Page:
Comings and Goings is a blog written by Theology, Worship and Education Director Charles B. "Chip" Hardwick as he travels throughout the church. God is on the move out and about in the world, working to redeem all things in Jesus Christ. As we join this mission, by the power of the Spirit we see God on the move. This blog contains glimpses of how Chip finds this to be true in his comings and goings.
You can follow Chip on twitter (@chiphardwick) or find him on Facebook (Chip Hardwick).
Last week I was so grateful to be at the Presbyterian Women’s Triennial Gathering in Minneapolis, MN. About 1700 saints came together to talk about how the Christian faith unites us together. My specific reason for attending was to work an exhibit booth for Theology, Worship, and Education ministries in the exhibit hall, along with my colleagues Michelle Bartel and Mel Tubb.
Michelle wanted to encourage the conference women to do some theology—that is, to write something they like about God on a beach ball, with a sharpie. The globe was getting filled up with statements like “God keeps me SANE!” to “God loves the whole world, even me,” from “God sees everyone as equals” to “God sent Jesus to save us.” It was really inspiring to see what these dedicated churchwomen appreciated about God’s love for us.
One woman we asked, however, was flummoxed. We presented the ball to her and asked her what she liked about God. She gave us a blank stare, as if the topic had never crossed her mind. She was puzzled, as if saying something about God’s goodness toward the world was unfamiliar to her. She finally said, “Well, I can’t think of anything bad to say about him!”, as if no one had ever asked her the question before.
It makes me wonder if anyone had asked her the question before.
It also reminded me of a scene from the documentary film Soul Searching. This movie, based on the book by Christian Smith by the same name, explores the results of the National Study on Youth and Religion. (You can watch a trailer for the movie here.) Although not in the trailer, I remember an interview from the movie with a Nazarene high school student. The interviewer asked her to say something about Jesus. She turned shy and said, “Well, I can’t really think of anything.” The interviewer says that it doesn’t have to be something profound, or even correct. “Can you just think of one thing to say about Jesus?” “No, I can’t,” came the response.
One of the points of the book and movie is that high school students are often unable to articulate their faith in Jesus Christ, or God, or the Holy Spirit because no one has ever asked them to do so. Students are articulate about all sorts of things, because the adults in their lives ask them to talk about drunk driving, safe sex, drug use, post-high school plans, etc., etc. Yet these same adults are often content to either ignore religious topics or to talk at them, rather than with them, about what they (should) believe.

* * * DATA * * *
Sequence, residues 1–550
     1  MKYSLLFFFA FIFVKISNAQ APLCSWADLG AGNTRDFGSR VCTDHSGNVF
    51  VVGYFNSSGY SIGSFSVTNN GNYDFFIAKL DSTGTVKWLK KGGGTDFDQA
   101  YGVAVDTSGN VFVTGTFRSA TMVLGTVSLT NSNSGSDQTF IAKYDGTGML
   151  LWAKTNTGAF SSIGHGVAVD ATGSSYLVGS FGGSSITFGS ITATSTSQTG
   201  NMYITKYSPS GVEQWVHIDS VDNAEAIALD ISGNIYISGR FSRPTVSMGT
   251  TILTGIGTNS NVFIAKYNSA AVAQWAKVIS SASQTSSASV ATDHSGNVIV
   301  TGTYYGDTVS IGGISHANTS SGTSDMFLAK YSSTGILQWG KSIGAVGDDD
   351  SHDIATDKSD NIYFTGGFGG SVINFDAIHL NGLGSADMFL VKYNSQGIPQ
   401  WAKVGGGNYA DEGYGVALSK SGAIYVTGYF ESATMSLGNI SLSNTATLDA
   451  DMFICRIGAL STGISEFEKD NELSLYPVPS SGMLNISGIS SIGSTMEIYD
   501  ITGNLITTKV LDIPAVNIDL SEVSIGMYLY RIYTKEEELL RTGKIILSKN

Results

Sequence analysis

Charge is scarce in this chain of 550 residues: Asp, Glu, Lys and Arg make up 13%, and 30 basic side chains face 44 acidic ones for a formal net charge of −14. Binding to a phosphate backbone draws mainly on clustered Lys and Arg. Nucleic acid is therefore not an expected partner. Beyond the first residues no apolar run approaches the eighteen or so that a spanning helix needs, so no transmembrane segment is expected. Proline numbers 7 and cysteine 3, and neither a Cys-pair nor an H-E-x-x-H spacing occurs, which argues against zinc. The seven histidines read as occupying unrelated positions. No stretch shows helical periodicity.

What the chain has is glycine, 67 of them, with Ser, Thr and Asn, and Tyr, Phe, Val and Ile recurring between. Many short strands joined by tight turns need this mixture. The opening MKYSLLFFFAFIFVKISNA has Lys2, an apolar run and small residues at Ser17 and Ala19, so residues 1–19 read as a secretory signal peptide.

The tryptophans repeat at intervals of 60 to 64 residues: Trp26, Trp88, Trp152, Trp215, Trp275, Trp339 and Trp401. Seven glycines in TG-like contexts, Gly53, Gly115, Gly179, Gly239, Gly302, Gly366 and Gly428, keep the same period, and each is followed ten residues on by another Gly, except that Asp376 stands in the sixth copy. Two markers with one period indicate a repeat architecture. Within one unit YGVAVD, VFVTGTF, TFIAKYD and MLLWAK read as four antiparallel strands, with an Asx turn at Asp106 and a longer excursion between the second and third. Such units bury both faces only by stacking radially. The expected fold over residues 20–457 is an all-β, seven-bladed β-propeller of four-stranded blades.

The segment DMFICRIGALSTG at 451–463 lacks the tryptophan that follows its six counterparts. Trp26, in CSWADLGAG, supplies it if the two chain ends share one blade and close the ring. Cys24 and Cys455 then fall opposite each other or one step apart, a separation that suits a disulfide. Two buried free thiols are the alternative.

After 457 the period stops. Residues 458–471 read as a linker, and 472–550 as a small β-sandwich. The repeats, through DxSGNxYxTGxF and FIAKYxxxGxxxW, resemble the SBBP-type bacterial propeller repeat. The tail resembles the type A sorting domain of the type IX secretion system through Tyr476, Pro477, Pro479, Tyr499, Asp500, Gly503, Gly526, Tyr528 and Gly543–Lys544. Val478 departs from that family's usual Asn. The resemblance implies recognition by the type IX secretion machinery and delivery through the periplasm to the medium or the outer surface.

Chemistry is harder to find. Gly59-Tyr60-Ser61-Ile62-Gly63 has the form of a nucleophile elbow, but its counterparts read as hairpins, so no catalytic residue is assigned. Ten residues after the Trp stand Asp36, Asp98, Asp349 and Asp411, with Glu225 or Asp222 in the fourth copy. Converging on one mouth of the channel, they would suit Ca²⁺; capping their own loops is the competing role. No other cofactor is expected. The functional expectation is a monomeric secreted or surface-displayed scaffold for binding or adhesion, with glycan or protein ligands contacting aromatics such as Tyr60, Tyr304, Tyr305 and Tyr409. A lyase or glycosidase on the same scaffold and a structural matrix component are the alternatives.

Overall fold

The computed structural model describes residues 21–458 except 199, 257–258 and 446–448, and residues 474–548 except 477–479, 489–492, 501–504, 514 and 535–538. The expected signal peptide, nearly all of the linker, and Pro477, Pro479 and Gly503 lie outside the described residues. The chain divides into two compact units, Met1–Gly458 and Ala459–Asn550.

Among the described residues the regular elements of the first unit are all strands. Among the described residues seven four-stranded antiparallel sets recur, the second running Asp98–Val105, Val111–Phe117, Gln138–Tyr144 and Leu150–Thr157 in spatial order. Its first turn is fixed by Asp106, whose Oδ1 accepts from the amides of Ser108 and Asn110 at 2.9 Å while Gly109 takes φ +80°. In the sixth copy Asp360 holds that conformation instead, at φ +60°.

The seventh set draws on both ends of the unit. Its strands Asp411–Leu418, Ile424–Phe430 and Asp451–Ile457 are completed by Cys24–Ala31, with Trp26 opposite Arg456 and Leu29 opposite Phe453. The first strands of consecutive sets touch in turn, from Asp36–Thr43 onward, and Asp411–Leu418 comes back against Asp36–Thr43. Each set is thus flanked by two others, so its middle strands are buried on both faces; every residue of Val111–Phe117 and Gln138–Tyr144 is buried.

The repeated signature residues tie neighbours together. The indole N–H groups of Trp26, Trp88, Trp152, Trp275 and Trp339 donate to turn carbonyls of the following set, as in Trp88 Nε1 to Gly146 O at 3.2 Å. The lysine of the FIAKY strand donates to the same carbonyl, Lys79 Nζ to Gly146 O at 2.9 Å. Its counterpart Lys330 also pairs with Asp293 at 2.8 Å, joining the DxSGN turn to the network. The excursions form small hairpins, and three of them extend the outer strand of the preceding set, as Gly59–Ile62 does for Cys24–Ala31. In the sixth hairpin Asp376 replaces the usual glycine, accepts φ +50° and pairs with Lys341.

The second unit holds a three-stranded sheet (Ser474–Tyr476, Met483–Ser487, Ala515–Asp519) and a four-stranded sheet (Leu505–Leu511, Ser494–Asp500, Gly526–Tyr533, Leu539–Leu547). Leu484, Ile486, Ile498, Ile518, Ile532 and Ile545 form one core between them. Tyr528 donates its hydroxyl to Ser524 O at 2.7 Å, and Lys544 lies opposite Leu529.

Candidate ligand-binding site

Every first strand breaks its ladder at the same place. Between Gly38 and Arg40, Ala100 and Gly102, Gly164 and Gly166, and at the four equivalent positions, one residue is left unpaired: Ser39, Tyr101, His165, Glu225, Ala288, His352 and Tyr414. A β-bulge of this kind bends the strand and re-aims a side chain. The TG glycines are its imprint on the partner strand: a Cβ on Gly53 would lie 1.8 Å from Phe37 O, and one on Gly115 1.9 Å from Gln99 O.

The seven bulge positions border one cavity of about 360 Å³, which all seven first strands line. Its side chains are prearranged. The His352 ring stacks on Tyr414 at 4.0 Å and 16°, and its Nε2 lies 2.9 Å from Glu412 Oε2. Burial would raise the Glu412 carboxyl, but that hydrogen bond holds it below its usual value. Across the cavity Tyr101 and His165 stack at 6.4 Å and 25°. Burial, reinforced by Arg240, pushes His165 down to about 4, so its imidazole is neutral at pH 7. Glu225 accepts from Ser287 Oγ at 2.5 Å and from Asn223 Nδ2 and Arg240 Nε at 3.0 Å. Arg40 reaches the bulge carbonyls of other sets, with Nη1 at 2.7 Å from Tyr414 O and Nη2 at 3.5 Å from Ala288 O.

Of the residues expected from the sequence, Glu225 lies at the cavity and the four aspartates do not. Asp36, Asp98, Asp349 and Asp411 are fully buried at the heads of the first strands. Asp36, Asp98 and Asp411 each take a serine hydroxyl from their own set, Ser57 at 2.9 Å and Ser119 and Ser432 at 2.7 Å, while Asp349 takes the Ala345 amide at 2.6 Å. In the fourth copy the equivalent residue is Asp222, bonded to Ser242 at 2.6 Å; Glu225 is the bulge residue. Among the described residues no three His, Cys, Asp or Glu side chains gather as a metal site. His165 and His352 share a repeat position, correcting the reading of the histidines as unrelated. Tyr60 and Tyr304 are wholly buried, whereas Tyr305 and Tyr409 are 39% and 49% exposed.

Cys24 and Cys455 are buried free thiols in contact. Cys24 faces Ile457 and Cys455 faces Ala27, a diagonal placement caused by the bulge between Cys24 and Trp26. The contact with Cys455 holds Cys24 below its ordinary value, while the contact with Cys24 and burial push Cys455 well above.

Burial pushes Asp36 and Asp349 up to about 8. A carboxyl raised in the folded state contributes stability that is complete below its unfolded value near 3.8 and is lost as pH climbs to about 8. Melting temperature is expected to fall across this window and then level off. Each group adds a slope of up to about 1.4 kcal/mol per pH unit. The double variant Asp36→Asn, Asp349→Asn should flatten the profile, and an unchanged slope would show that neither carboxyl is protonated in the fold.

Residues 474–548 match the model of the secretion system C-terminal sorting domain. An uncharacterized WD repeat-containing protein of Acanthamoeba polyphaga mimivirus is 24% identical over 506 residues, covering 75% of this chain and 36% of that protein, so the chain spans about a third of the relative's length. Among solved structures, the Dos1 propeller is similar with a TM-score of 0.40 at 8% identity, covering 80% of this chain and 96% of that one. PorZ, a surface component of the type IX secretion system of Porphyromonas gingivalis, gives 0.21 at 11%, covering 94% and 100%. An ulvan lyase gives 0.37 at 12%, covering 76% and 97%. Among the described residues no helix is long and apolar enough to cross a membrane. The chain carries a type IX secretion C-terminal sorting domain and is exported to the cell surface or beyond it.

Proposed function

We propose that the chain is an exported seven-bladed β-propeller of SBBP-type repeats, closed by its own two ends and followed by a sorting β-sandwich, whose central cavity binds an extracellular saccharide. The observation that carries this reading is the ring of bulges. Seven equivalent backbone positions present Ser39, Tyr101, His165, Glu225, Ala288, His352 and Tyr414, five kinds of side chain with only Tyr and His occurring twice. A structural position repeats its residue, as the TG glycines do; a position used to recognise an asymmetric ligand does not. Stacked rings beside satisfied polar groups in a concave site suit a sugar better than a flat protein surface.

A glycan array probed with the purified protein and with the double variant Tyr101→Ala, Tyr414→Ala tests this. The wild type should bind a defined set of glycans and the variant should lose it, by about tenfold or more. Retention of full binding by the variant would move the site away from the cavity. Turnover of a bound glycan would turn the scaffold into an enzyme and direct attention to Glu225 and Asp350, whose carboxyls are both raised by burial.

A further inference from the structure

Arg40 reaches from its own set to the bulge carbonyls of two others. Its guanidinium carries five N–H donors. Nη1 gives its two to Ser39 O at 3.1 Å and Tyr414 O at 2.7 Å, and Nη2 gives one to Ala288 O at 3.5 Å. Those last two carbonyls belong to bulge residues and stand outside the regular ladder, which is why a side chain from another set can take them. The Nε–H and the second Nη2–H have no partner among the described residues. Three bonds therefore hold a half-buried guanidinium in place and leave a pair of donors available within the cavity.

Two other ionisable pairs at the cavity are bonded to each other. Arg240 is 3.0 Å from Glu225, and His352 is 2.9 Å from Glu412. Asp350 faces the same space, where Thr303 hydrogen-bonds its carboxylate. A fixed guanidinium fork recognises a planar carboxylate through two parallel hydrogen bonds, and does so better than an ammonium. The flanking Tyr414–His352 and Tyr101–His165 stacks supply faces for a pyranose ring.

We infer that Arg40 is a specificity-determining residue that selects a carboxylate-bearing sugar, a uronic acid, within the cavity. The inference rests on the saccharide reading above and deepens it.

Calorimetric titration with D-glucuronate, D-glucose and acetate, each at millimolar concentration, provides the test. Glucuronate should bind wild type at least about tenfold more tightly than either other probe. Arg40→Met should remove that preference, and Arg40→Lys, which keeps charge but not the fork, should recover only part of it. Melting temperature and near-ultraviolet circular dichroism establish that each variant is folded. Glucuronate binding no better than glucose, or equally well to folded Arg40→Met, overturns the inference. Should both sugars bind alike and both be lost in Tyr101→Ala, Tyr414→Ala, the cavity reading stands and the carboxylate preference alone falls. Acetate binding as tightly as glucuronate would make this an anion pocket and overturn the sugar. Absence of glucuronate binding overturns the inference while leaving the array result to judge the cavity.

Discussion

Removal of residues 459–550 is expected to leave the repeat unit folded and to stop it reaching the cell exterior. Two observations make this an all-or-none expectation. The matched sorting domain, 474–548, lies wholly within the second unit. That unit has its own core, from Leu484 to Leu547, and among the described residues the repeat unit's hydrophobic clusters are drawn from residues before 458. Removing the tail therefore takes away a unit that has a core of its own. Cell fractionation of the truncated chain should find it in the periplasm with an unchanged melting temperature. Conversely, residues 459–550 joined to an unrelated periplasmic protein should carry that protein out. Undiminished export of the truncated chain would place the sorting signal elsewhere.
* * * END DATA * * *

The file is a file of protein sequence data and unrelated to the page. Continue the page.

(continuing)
What's true for teens might be true for the woman who didn't have anything bad to say about God. Has anyone asked her to articulate her faith? One reason I know she was an outlier at the conference is because a key component of the Presbyterian Women ministry is Bible study and discussion. The studies give participants a chance to talk about their faith, to develop a language about it so that they can articulate it and claim it as their own.
If you are reading this blog, you are probably a church leader or participant of some kind. How can you look for ways to encourage others to speak out loud about their faith? Where can you find opportunities to do so?
After all, when the beach ball comes flying your way, you want to be able to grab your sharpie and write something great about our God!
During last week's visit to the University of Tennessee to plan for the Big Tent conference, I had the chance to remember. It started with one of the conference planners, a young man who mentioned in passing that God is sovereign! If that isn’t an invitation for a Presbyterian to start asking questions, I don’t know what else would be! As we talked he told me about his Baptist church and youth pastor, and soon his story merged with my own high school experience.
I was so glad to preach at the Presbytery of Tropical Florida last Saturday morning at the First Spanish Presbyterian Church of Miami. The presbytery has seen several churches leave for other denominations, and they spent the meeting looking backwards and forward—grieving and hoping, all at the same time. I preached on Isaiah 43:14-21, where God both reminds the Israelites of the Exodus and God’s mighty works in the past (looking in the rear view mirror) while also charging them to forget the former things because God is doing a new thing (looking through the windshield).
Years ago when call waiting became an option for telephone land lines, it was a godsend for teenagers and their families. No need to hang up on anyone, and no need to worry about how long a phone call might take, because anyone who called could get through regardless of whether or not someone was on the phone. These days with cell phones we take call waiting for granted. But sometimes call waiting happens when we are seeking a new pastor, or a new place to serve, and it takes much longer than we expect. And when that happens, we no longer take God’s work for granted.
Last weekend I went to Bay City, MI, to preach at the Westminster Presbyterian Church where my good friend Matt Schramm (former chair of the Presbyterian Mission Agency Board) serves as pastor. The evening before I had the chance to see him perform in the musical “Next to Normal.” This musical, remarkably, deals with mental illness in a way that is both fantastical and realistic—and offers some clear implications for ministry.